Zdnet has just pointed me towards Microsoft’s Internet Explorer 8 Compatibility View List for Windows Vista which lists all the websites IE 8 is known to have problems with: and it’s extensive (see this Zdnet list for a human-readable display). I did a quick search for most of the major sites and they all seem to be listed: From Microsoft.com (if they can’t get their own site working in their own software it doesn’t bode well), all Amazon sites (.com and .de, .cn and .co.uk etc), all major social networking sites (Facebook.com, MySpace.com, LinkedIn.com and Twitter.com are all listed), to all of Google, bbc.co.uk, Paypal.com , all of eBay and many many more. And this is only the 2,400 major sites that Microsoft have found to have problems with IE8 (or should that be: sites that Microsoft have found that IE8 is broken on). All the more reason to drop Internet Explorer and try Firefox, Safari, Opera or another browser of your choice (mine’s Firefox)
Month: February 2009
For a while now, I’ve been a great fan of Browser Shots to test websites in Firefox, Internet Explorer, Safari and Opera without having to install all of those web browsers (and previous versions) on my machine. However, it does have a snag: you can only test “static pages”: you can’t interact with the page in anyway (so if you wanted to see if a drop down menu worked well in IE 5.5, you’re out of luck). However Keyboardface has just blogged about a service I hadn’t heard of before called Cross Browser Testing.com which gives you practically a VNC/remote desktop/LogMeIn style connection to a remote computer (which seem to be Virtual Machine images) which has a selection of browsers installed for you to interactively test on. It’s pretty cheap: there’s a free option, $1 for 5 minutes option (with discounts) or a “pay per month” option. It’ll be worth considering when I’m needing to test the site I’m working on on multi-platform and multi-browser scenerios.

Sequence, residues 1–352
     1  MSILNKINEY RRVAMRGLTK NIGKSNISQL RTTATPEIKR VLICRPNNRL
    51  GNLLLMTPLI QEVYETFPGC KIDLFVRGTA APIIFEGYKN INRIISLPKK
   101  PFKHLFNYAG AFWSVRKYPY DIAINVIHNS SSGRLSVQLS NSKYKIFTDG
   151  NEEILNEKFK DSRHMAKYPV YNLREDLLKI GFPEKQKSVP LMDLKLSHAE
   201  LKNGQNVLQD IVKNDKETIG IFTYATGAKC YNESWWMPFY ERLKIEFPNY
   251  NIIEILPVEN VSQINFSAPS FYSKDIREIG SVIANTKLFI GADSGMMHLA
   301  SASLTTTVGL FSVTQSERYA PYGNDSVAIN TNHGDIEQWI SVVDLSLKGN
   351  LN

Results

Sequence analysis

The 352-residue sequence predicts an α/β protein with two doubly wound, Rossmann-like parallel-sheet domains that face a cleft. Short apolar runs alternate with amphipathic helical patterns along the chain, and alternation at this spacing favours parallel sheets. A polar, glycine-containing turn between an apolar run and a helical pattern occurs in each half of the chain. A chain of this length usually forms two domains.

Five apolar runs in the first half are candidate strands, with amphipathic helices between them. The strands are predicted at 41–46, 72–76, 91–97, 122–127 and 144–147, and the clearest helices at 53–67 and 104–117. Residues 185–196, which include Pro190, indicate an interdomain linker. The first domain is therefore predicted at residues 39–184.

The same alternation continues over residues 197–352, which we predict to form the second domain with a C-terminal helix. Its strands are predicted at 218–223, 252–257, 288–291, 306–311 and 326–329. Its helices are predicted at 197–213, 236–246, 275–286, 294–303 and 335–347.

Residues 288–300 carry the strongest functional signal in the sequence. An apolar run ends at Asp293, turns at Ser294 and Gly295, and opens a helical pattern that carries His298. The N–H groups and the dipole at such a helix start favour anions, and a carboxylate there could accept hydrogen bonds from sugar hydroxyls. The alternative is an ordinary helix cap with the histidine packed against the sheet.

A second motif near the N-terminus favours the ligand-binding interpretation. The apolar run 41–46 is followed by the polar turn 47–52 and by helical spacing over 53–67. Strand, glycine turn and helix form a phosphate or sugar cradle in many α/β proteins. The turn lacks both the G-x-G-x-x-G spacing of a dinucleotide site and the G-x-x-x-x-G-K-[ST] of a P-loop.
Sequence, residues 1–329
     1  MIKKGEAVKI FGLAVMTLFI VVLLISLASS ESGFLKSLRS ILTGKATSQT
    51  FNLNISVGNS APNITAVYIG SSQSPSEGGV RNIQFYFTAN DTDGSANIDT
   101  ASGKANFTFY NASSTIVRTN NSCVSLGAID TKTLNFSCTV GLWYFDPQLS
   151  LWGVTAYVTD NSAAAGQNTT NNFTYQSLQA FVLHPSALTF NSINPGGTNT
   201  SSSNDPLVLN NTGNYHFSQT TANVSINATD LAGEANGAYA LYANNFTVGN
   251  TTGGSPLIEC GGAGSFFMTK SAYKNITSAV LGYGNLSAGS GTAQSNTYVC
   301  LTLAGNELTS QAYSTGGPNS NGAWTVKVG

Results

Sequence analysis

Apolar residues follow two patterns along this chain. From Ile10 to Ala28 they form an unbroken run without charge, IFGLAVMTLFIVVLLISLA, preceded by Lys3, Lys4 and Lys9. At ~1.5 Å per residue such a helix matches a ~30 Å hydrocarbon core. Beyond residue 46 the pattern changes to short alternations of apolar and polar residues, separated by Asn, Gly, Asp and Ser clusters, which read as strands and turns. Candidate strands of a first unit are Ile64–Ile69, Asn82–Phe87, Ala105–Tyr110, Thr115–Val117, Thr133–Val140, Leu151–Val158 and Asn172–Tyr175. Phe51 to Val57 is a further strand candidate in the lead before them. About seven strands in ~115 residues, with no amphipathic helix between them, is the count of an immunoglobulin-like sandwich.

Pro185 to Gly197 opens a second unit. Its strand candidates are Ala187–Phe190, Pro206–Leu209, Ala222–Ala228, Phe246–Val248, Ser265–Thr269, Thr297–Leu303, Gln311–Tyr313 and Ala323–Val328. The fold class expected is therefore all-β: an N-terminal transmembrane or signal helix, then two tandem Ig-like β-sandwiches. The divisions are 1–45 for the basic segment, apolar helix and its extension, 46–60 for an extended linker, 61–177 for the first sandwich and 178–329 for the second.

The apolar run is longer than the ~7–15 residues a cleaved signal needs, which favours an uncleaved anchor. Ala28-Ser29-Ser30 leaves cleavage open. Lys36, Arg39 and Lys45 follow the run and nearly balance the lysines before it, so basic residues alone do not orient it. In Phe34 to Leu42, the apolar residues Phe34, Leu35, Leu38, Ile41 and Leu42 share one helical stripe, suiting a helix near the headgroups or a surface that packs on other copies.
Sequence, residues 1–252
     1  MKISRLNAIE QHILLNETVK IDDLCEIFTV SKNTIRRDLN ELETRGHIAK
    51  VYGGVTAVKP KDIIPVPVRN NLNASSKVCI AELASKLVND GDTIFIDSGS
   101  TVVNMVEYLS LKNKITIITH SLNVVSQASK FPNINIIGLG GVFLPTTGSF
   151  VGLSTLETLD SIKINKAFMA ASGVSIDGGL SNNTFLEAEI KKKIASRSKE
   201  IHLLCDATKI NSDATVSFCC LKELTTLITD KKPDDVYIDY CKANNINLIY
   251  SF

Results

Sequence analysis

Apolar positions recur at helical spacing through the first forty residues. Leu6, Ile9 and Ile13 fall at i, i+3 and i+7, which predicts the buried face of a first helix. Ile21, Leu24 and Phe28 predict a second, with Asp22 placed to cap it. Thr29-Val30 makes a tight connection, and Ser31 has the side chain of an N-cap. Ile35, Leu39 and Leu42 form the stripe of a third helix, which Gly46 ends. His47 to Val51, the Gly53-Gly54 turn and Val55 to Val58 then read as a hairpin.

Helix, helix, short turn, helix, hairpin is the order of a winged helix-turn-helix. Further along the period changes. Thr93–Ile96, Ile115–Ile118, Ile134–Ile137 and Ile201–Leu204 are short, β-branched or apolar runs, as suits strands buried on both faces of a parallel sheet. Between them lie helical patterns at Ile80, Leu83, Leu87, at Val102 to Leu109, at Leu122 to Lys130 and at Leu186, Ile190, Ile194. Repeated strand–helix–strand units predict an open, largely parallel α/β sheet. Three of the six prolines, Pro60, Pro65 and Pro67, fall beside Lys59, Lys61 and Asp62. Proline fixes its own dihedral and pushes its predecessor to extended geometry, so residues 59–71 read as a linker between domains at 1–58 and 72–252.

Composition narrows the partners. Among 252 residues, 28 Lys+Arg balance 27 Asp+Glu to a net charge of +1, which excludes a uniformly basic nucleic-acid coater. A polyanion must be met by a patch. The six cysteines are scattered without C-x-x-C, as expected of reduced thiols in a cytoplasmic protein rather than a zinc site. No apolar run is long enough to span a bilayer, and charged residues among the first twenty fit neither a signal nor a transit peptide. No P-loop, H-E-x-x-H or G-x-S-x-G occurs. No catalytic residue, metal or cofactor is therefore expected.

Robert Scoble ( @scobleizer ) has an interesting post on FastCompany about What Microsoft Can Learn About Retail from Apple and Best Buy and there’s quite a few pointers there.
I’ve been working on an e-commerce system recently (as you may have been able to guess) and to test the credit card integration side of things, I needed some test credit card details of “valid looking” card numbers…
I eventually managed to gather 102 card numbers which passed validation: i.e. the Bank Identification Number [BIN] / Issuer Identification Number [IIN] numbers [the first 7 digits] matched up with the “alleged” card type and the whole card number passed the Luhn algorithm validation.
I must emphasis, before I get thousands of comments, these are TEST credit card numbers and are NOT VALID (I did not get as far as validating that they were theoretically assigned to a bank: just that they were theoretically assigned to a card issue): they are intended to test code in development to ensure that the code recognises the card type correctly and the Luhn algorithm is correct. You should, therefore, be able to use any expiry date or CCV/CSC you like for testing.
You can download these credit card numbers in a BSD released PHP file to make it easier to test with if you wish.
The developmental test card numbers are after the jump (along with details of the original sources):